Politics could take center stage at Beijing Games
ANTWERP, Belgium — Veerle Dejaeghere is no gold-medal threat at the Beijing Olympics. Yet, the tiny Belgian steeplechaser is what Chinese officials fear most — an athlete with a sharp tongue.
China is hypersensitive about political commentary, be it from a superstar or an also-ran. So it takes on greater meaning when Dejaeghere ponders whether she will wear a “Free Tibet” T-shirt in Beijing.
“Maybe. It’s possible,” she says, before breaking into a laugh.
The Chinese remain nervous about any athlete making political gestures that could cloud the bright face of the new superpower, an image the hosts hope to highlight at the Aug. 8-24 games.
“The situation is very bad,” Dejaeghere said. “They promised the IOC to clean up their human rights record if they got the Olympics, but it hasn’t happened.”
The runner, who qualified for Beijing by finishing 11th in the world championships last year, is looking to Amnesty International for her inspiration and hopes to join their “Gold for Human Rights” campaign this spring.
“The only thing we can do as athletes, is to bring it to people’s attention as much as possible,” she said.
Just as long as it doesn’t cut into her preparation to keep her 101-pound, 5-foot-2 frame in the best shape possible.
“I still have to perform in Beijing, and that is the main goal,” she said.
Belgium’s one outstanding sports star is Justine Henin, the No. 1 player in tennis. She was taken aback at a recent news conference when asked about the clash of sports and politics.
“I really have no opinion on this. I am going there for the Olympics, I am not going there to talk politics,” she said. “It is not within my competency to talk about political issues. Everyone has a role and a place.”
Anna Chatvetadze, who faced Henin at the Antwerp Diamond Games, was of the same mind.
“What can we do?” the Russian said. “We go there to play, and we have to think about that, about the sport. All the other things don’t really bother us.”
So far, no major sports stars have stuck out their necks. When the French sports paper L’Equipe did a full-page spread on the issue, the only competitor they could find to openly criticize Beijing over human rights was the captain of the Norwegian handball team, which might not even qualify for Beijing.
“When you are very focused on training and competing, you don’t tend to think in those terms,” professor Michael Holmes of Liverpool Hope University said. “Either they have no interest in being politically active or they are simply saying this is my one chance.”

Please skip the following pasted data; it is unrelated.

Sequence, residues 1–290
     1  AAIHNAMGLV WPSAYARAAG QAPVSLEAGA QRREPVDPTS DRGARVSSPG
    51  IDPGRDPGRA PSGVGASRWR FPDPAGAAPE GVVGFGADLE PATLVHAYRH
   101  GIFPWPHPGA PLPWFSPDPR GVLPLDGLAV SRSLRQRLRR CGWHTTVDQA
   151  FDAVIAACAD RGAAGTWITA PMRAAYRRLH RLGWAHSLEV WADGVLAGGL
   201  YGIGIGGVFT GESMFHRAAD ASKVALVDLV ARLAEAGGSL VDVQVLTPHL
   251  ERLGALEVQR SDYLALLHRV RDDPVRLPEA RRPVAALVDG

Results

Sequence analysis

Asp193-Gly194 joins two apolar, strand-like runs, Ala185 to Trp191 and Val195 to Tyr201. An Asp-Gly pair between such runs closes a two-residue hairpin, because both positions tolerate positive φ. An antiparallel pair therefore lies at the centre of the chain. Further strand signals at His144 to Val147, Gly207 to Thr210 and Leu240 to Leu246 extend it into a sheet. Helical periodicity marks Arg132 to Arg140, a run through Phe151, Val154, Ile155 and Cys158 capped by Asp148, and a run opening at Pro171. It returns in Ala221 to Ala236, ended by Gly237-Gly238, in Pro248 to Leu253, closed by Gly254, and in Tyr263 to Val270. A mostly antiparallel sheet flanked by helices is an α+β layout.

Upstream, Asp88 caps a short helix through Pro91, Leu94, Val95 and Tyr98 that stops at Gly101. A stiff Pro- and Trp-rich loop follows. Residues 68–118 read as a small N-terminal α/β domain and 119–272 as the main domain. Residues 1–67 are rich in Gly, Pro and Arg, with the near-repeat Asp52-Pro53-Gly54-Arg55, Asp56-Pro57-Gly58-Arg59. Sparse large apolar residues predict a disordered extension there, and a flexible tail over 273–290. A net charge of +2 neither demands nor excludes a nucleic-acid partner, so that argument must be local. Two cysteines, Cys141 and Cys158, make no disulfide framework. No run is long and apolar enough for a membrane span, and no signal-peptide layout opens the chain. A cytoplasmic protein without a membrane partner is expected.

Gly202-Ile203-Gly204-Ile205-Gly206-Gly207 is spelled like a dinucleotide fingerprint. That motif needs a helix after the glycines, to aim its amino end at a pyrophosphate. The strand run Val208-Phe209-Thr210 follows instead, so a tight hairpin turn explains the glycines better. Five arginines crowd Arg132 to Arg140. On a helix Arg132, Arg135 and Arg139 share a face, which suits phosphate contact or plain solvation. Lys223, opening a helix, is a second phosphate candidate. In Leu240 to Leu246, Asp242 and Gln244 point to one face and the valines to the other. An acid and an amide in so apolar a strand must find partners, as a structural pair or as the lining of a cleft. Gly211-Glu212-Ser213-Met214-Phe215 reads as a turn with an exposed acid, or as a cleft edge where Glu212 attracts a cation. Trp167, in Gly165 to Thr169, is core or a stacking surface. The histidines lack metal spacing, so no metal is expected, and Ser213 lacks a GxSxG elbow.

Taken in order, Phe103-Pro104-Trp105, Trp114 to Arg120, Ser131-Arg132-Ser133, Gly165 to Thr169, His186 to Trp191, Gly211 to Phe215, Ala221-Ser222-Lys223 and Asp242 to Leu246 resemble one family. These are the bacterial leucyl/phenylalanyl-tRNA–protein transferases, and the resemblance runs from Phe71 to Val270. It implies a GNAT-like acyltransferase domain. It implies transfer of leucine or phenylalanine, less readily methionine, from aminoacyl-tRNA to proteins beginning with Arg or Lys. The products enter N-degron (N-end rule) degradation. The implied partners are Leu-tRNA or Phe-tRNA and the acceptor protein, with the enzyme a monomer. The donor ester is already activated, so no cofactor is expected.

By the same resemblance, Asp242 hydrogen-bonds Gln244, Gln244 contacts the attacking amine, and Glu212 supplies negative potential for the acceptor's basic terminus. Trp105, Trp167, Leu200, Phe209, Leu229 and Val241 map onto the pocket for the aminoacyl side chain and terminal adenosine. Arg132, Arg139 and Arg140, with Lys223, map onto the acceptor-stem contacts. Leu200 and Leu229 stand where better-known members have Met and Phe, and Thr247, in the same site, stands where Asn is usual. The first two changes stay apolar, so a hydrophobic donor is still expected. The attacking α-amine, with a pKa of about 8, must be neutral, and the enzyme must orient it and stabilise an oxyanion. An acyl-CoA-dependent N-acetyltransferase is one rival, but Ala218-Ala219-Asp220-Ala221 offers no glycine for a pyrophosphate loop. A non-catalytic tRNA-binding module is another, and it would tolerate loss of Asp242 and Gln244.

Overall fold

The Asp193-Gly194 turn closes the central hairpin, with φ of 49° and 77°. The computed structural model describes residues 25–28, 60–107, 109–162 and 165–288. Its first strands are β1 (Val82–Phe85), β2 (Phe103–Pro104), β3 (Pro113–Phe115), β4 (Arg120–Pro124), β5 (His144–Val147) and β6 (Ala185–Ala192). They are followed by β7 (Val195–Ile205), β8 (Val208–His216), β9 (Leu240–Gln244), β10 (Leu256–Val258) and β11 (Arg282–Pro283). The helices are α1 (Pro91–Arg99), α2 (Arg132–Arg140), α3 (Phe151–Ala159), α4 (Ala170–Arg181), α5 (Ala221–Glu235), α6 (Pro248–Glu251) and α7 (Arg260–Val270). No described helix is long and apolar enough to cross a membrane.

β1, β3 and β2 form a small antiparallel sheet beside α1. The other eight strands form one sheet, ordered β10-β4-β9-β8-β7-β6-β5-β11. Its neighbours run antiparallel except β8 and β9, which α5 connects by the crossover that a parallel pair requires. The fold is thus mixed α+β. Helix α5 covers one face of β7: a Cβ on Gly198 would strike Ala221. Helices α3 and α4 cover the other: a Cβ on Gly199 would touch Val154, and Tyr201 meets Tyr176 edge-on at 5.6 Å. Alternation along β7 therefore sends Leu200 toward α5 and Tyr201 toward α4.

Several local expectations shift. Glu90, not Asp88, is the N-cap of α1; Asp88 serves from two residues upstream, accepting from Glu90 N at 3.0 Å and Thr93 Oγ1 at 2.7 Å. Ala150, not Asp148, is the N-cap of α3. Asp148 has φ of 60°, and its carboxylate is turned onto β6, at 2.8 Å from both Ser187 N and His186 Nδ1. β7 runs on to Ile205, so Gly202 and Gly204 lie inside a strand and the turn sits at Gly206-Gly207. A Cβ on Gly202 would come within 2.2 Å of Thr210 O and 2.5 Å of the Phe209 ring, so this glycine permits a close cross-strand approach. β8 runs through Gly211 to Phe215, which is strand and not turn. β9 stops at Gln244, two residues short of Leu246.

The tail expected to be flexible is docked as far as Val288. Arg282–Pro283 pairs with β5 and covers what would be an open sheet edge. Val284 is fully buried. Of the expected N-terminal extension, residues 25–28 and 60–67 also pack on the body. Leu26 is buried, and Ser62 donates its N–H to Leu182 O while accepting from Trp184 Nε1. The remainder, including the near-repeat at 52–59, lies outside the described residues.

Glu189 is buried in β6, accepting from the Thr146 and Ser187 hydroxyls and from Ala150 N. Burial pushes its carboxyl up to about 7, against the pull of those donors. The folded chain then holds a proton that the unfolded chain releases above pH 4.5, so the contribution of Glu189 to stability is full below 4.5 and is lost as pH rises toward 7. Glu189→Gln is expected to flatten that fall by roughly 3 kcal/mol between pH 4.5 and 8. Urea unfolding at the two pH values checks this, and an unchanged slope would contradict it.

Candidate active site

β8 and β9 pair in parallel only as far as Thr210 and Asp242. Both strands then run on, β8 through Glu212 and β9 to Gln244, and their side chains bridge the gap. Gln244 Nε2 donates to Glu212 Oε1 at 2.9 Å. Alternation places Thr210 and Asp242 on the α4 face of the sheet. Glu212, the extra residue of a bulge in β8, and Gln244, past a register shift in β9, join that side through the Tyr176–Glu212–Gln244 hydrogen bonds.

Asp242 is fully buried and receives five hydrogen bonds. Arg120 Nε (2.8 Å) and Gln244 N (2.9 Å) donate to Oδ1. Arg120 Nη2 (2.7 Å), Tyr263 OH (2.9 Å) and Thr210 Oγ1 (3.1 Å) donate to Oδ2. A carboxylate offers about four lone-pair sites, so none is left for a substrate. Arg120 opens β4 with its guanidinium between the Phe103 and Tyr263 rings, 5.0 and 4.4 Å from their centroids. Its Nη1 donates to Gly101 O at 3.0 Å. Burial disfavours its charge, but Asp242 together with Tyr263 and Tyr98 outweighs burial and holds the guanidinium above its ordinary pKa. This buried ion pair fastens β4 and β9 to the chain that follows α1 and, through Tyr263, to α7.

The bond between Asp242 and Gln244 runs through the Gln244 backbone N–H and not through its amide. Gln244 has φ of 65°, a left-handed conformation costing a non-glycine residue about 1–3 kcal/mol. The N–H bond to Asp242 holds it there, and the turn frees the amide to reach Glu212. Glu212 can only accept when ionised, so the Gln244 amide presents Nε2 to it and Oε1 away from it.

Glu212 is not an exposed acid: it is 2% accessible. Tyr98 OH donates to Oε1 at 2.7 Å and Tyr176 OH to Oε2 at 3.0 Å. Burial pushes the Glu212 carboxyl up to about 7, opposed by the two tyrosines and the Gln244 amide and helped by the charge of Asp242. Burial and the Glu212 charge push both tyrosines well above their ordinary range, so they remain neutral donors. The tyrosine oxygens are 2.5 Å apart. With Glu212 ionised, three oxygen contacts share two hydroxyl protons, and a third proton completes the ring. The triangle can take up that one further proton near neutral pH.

Still, national Olympic Committees know well about China’s sensitivities and have put athletes on guard to avoid embarrassing the hosts. Many have stressed the Olympic Charter rule outlawing demonstrations and political, religious or racial propaganda within Olympic venues.
The British Olympic Association initially said this week it would contractually require its athletes to not make any politically sensitive remarks or gestures during the games. The BOA later took a more open approach.
Many realize they legally won’t be able to muzzle their athletes outside the Olympic zone.
The Dutch Olympic Committee warned its athletes in a statement that “China is ‘different,’ and unknown territory for many.” The committee said if its athletes talk about China individually “they do so in their own name and from their own social commitment.”
Governments, too, are trying to avoid making waves.
“Sports is too important,” said Sports Minister Milan Zver of Slovenia, which holds the presidency of the 27-nation European Union. “It is too important to use it as a political instrument.”
Zver believes it is up to politicians and multinational companies and organizations to speak up.
“They should say something, more efficiently — not the athletes,” he said.
The convergence of sports and politics is hardly unique to the Beijing Games. At the 1968 Mexico City Games, U.S. track stars Tommie Smith and John Carlos raised black-gloved fists to decry racial discrimination at home.
The 1976 Montreal Games were spurned by many African nations, and boycotts followed at the next two Olympics. In 1980, the United States led a no-show at the Moscow Games and the Soviet Union did likewise four years later in Los Angeles.
“I would not by any means say that holding the Olympics in Moscow brought about the fall of communism,” Holmes said.
Zver suggests it was the Olympics that was hurt most.
“When we go back to Moscow 1980, it was not good for sport,” he said.
At the same time, Dejaeghere keeps on practicing for Beijing, with Tibet and press freedom among the things on her mind.
“It is not because you care about human rights that your performance will automatically plummet,” she said.